A TASTE OF SOUTHERN CHARM: Myrtle Beach, Charleston, and Savannah

Planning a trip to the southern United States? Let us show you how diverse "Southern Charm" can be.

A Taste of Southern Charm: Myrtle Beach, Charleston, and Savannah

If you're planning a getaway down south this year, you won't be the only one. Cities like Myrtle Beach, Charleston and Savannah have been some of the most popular destinations with travelers for decades. All three allow visitors to immerse themselves in the rich cultural heritage of the South, to golf some of the most highly regarded courses in the nation and to experience a bar and culinary scene that rivals the likes of Boston, New York and Chicago. Whether you're planning to paint the town red on a bachelor or bachelorette party or to simply enjoy some sun and sand, this trio of cities will most certainly give you the opportunity to experience the best that the South has to offer.

Myrtle Beach: The Riviera of the South

Myrtle Beach may be known for it’s golf, however, it is also very well known for its hundreds of bars and restaurants. Whether you're looking to slam beers and stuff your face with bucket after bucket of all you can eat shrimp or to savor a glass of Pinot Grigio as you enjoy the delicacy of the freshest Flounder you’ve ever tasted, you’ll find what you are looking for here.

Yet another attraction you'll find as you tour the Grand Stand, which includes all of the coastal communities from Little River to Georgetown, are the numerous settlements just south of Myrtle. Settle into the laid back vibe while you explore Myrtle Beach and the Low Country. The closest is the community of Murrells Inlet. It was not only one of the nation’s first resorts, but also where the most respectable and illustrious of the Southern gentility summered. A bit further down the coast you’ll come to All Saints Parish, Waccamaw, which was established in 1767. Once the wealthiest parish on the Waccamaw River, this historic community is within minutes of the famous Hammock Shops of Pawley’s Island. While the name may imply that these shops sell nothing but hammocks, the truth is actually far more pleasant. The Hammock Shops form a small village of clapboard cottages that house unique shops and restaurants. As you stroll between the cottages on rustic paths that wind past flower gardens and beneath ancient oaks and pines, you will find a myriad of hammocks that are open to all. They're an ideal place to take a moment to reflect upon the history and idyllic scenery that makes the Grand Stand such a special place.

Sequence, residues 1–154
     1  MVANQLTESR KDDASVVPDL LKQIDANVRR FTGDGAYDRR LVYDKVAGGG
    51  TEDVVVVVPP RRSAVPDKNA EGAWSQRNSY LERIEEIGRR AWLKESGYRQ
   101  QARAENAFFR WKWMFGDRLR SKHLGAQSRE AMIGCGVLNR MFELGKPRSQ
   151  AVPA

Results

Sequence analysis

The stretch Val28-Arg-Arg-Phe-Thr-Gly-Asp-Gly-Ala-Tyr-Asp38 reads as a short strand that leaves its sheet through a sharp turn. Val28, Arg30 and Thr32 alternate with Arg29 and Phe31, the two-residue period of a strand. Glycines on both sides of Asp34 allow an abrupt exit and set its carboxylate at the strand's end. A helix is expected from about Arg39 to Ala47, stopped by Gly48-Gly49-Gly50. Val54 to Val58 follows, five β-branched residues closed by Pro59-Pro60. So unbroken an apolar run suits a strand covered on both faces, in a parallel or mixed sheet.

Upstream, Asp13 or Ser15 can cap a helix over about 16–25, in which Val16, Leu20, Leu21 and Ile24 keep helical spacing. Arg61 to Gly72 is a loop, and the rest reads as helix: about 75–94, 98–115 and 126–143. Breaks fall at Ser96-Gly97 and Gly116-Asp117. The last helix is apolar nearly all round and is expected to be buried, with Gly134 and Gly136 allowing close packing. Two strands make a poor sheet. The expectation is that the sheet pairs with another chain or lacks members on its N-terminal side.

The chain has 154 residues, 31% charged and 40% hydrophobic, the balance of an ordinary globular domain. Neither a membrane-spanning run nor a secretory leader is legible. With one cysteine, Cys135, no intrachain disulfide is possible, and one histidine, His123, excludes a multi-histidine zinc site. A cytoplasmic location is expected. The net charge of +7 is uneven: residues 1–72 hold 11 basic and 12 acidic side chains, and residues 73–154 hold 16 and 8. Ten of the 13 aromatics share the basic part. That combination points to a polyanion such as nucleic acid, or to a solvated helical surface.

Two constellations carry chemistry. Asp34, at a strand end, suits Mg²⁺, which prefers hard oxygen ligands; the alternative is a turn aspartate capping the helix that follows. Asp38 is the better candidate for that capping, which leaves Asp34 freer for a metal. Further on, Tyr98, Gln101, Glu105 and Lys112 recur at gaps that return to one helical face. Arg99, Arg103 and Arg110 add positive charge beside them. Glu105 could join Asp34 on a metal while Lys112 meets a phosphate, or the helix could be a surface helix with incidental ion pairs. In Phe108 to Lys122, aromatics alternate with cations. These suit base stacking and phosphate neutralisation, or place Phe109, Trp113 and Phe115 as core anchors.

Charleston: The Paris of the South

Charleston is not known as the Paris of the South because of its smokey cafes or surplus of starving artists who seem to be more interested in drinking wine than creating. Charleston was awarded this nickname because it is a city of culture, elegance and sophistication. It is a city that is home to dozens of museums and galleries, as well as a cutting edge food scene that can definitely hold its own against traditional, Southern cooking.

While the city has become a hub for young artists, entrepreneurs and health care workers, it still retains its old school feel. The cobblestone streets of the city's downtown reveal the deep connection that many of Chucktown's residents have to their Southern heritage, particularly when it comes to the history of their vibrant city. This is just one of many reasons why Charleston has been both a popular tourist destination and a city that typically finds itself ranked among the best places to live in America. Yet another reason is because it is the friendliest city in America.  

Explore with a historic Charleston city tour that will allow you to step back in time to visit such notable sites as Fort Sumter, which is where the first shots of the Civil War were fired; the city's plethora of old and storied churches (so many, in fact, that Charleston is often called the Holy City); the historic downtown area with its open-air market; and the palatial homes of Charleston's elite. Experience for yourself why the Paris of the South continues to be one of the most popular destinations in South Carolina. 

Savannah: The Hostess City of the South

Charming is one way to describe Savannah. Yet another would be almost freakishly accommodating. Though Charleston won the 2014 honor for friendliest city in America, Savannah was a very close second.

Savannah is not polite. It is friendly. There is a big difference between the two. Whereas a polite city welcomes you with a quiet smile, a friendly city buys you a beer. Savannah is most certainly the latter. While it may be renowned for its rich history, its youthful and spirited character is perhaps its biggest draw. 

Speaking of spirits, Savannah's history isn't just found on plaques or in the city's charming architecture and bucolic parks (though these are certainly attractions that everyone should visit); it is far more animated than that. Frequently on the list of most haunted cities in America, Savannah's history can sometimes tap you on the shoulder or call out your name in the middle of the night. For those who are brave enough, Gray Line Savannah offers nightly tours of some of the city's most ghostly sites. 

Speaking of spirits that are far less terrifying, Savannah is a city that loves to party. This is evinced by the fact that the city more than quintuples in size for its St. Patrick's Day Parade. Furthermore, there are dozens of bars on Congress Street and City Market that sell drinks to-go year-round.

Whether you're paying the Hostess City of the South a visit in order to walk around its historical downtown, to give yourself a scare or to give yourself a buzz, it is truly the crown jewel of the Georgia coast.

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